Objective: To compare parental perception of child behaviour problems, parenting stress, and marital satisfaction in new arrival and local parents. Design: Cross-sectional survey; semi-structured interview. Setting: Maternal and Child Health Centres, social service centres, preschools. Participants: Parents of preschool children, including new arrival parents and local parents. Main outcome measures: Child behaviour problems, parenting stress, and marital satisfaction. Results: After controlling for socio-economic factors, new arrival parents were more troubled by their children's behaviour problems and their parent-child interactions were more dysfunctional than those of local parents. There were no differences in parentreported severity of child behaviour problems, parental distress, and marital satisfaction. New arrival parents reported difficulties in adapting to the new living environment and lack of social support. Conclusions: New arrival parents were more troubled by their children's behaviour, and their parent-child interactions were more dysfunctional than those of local parents. These might in part be related to their settlement difficulties. Parenting programmes should address their specific settlement needs.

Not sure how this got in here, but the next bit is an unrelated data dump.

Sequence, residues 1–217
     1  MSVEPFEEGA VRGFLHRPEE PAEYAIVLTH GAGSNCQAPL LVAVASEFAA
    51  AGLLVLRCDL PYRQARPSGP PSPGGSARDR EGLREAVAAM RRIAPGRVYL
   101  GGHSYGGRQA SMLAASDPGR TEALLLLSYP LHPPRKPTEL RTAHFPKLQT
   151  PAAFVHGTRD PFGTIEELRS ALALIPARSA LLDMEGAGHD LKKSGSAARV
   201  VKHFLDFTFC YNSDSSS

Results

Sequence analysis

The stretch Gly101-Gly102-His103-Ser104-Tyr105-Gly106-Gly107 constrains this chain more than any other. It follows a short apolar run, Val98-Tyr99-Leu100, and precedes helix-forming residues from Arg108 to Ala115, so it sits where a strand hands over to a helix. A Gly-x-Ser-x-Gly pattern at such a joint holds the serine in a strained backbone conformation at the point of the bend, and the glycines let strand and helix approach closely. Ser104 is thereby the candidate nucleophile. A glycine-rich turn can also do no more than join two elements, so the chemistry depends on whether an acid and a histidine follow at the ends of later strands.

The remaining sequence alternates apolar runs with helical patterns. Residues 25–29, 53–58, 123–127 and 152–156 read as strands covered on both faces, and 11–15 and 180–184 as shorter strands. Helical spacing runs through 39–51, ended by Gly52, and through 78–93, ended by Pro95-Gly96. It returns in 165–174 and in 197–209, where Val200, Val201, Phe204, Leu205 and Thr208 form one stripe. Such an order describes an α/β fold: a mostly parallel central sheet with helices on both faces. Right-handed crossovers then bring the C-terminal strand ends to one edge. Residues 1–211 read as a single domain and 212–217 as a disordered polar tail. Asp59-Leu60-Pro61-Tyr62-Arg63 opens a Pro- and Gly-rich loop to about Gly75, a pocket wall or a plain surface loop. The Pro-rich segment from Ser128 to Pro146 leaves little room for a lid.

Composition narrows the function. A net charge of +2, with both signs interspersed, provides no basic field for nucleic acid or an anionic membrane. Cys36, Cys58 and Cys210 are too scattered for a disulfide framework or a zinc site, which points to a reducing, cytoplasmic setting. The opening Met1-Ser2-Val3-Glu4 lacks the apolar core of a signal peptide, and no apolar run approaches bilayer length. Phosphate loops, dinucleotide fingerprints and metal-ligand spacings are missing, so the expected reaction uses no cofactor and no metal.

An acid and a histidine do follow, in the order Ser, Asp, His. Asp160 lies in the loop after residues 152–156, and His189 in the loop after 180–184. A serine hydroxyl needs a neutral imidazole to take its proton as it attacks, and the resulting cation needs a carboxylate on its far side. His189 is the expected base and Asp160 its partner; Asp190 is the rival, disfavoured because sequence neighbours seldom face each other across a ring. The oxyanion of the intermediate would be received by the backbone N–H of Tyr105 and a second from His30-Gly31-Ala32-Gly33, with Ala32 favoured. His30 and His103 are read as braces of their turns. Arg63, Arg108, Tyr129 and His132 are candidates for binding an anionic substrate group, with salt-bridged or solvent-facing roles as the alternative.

|Number of pages||8|
|Journal||Hong Kong Medical Journal|
|Publication status||Published - 1 Oct 2007|
- Child behavior disorders
- Emigration and immigration
- Stress, psychological
ASJC Scopus subject areas